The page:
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Clearing the past to build a future for China's young convicts
By Wu Chen & Zhao Renwei (China Features)
2009/09/29

The day Xiao Zhang skipped school to play with friends has haunted him for the last five years.

He had been enrolled by the best junior middle school in the town, but this teen from countryside soon lost himself in the dazzling township where he found many places to play.

That day, when he and some friends passed a residential building, they thought of "getting some money".

"I regretted it as soon as I was caught by the police," he says.

The break-in robbery he was involved in sent him to jail for four years in 2004, but he was released after 33 months for good behavior.

He cut contact with former friends after serving the sentence, and tried his best to find a job to support himself and the family, but the shame followed him like shadow.

"I can sense relatives and friends looking down on me. I feel isolated."

But now he's starting to plan his life again with a certificate telling him the criminal record has been cleared.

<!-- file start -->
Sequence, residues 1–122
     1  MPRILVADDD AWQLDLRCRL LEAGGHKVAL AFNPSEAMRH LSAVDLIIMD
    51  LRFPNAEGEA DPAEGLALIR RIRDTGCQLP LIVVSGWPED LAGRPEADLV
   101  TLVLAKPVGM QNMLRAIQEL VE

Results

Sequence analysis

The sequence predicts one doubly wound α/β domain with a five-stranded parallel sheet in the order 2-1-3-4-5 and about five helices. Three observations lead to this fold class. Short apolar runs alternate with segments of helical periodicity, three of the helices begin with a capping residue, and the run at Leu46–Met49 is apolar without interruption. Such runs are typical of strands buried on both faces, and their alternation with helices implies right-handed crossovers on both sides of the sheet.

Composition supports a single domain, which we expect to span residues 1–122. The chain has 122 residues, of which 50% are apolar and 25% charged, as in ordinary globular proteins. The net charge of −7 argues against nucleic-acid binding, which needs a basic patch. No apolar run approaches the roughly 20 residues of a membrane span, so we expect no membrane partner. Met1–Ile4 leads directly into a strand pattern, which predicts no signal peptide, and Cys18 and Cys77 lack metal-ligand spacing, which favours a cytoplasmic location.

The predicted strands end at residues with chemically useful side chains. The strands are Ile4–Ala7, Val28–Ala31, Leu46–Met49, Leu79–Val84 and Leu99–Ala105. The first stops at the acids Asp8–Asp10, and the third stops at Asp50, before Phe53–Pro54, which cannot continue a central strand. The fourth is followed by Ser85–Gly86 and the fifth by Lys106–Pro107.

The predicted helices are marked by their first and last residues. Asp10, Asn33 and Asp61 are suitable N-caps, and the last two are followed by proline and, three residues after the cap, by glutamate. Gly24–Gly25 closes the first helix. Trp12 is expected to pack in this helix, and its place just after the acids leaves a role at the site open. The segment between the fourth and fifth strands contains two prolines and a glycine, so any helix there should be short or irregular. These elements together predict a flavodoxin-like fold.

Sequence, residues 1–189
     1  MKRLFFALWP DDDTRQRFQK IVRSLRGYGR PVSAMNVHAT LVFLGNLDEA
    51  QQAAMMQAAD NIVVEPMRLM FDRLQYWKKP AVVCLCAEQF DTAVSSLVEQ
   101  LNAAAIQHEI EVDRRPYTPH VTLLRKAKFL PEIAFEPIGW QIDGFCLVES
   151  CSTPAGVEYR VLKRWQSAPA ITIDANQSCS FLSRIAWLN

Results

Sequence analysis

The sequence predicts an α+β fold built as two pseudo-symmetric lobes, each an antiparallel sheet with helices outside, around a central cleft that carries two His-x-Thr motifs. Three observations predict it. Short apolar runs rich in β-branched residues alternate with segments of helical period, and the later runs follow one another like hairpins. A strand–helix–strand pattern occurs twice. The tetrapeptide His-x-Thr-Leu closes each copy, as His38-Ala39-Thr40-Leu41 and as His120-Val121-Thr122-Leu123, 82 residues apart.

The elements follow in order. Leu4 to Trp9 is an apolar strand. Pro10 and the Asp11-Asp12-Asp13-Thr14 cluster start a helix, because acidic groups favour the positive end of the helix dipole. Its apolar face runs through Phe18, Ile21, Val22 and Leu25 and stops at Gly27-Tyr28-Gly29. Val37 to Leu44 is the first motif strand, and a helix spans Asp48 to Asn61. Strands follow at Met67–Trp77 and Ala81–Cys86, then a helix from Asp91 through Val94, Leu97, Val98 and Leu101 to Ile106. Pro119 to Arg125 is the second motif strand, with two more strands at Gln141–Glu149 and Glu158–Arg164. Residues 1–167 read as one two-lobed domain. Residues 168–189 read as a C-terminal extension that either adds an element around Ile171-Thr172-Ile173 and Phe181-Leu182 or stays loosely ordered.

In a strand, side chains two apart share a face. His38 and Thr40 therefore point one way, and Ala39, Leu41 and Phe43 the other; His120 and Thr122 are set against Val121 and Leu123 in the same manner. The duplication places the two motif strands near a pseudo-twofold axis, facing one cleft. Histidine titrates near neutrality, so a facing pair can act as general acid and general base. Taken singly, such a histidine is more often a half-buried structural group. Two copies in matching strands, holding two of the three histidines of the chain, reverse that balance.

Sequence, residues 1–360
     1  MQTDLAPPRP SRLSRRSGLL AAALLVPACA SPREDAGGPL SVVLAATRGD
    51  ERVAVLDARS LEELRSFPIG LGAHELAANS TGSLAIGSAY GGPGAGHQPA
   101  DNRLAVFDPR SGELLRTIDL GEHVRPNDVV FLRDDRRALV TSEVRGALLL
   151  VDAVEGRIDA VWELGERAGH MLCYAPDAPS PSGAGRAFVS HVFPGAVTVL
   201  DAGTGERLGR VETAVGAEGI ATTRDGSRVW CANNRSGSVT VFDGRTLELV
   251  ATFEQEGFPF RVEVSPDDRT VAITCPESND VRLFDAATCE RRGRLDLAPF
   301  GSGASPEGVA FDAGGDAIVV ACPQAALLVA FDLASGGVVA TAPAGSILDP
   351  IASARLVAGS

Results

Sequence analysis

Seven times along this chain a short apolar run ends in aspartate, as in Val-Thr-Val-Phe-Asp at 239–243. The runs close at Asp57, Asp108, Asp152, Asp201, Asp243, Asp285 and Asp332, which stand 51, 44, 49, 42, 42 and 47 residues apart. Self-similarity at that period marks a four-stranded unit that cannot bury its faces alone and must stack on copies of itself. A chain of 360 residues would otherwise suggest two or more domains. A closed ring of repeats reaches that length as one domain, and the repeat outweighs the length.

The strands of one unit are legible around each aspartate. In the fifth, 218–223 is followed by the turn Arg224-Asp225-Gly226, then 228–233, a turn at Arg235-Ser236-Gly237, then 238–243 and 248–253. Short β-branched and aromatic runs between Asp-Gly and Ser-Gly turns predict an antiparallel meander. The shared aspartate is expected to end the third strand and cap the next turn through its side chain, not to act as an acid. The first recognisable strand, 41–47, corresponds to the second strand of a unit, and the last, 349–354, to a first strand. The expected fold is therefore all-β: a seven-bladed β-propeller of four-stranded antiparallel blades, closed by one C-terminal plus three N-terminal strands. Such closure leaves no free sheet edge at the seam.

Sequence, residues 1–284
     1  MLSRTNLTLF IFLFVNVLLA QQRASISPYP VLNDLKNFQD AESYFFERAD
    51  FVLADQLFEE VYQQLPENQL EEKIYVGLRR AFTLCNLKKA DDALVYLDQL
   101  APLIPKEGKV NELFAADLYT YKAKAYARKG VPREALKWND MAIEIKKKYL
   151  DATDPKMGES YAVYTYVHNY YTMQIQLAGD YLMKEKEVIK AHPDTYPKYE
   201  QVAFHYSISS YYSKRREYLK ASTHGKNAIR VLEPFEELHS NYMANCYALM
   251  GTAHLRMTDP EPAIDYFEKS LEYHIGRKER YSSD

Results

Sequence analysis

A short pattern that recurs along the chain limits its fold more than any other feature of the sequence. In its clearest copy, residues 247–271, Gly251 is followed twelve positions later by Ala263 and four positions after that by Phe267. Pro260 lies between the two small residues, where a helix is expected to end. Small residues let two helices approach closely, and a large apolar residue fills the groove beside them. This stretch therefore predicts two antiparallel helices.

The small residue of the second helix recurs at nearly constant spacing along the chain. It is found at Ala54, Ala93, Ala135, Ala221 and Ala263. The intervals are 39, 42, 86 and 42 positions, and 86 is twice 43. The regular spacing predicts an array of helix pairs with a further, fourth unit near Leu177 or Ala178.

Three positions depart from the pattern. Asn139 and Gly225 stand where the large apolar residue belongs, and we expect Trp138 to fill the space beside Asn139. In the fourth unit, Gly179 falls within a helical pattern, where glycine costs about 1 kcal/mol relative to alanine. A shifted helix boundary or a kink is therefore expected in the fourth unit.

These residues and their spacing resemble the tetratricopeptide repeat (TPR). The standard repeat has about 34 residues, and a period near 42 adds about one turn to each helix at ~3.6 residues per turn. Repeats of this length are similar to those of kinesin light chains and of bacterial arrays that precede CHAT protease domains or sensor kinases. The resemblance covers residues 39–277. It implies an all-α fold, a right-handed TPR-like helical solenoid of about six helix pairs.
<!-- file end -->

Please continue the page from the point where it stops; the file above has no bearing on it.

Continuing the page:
"I want to be a technician in a local factory. I can learn from the basic level and hope one day I’ll be experienced," says the 21-year-old.

With no new offences for at least one year since the end of his sentence, he was exempted from the obligation of reporting his criminal record when applying for education or employment, as previously required by the country's Criminal Law.

The record will be confined to the local public security department's inner-system and be used only if he commits another crime.

Otherwise it's confidential.

He has been doing interior decoration with a small private company for almost two years.

"I didn't dare to look for a job in big companies as they would check my documents. They wouldn't employ me if they knew my record," he says.

"It's difficult to live with, but now, I don't have to be worried anymore. I can do what I want."

In Laoling County, Zhang's hometown, in east China's Shandong Province, the local court worked with other departments to issue a regulation on conditionally clearing juvenile criminal records early this year.

It stipulates that the records of people under 18 years old who committed crimes and were sentenced to less than three years in jail or detention, will be automatically cleared when the term is up.

Those who are sentenced to three to five years will be cleared if they commit no new crimes for a year after serving their terms; those sentenced to jail for five to 10 years will have the records cleared three years after the end of the term; and those sentenced to more than 10 years will have their records cleared after six years.

The regulation does not apply to people convicted of crimes concerning with national security, drugs and severe violence and recidivists.

Jia Fengyong, presiding judge of Laoling juvenile court, says among all juvenile convicts, 99 percent of them stay out of trouble once they've served their time.

"It's unfair to let them shoulder the burden for the rest of their lives," says Jia.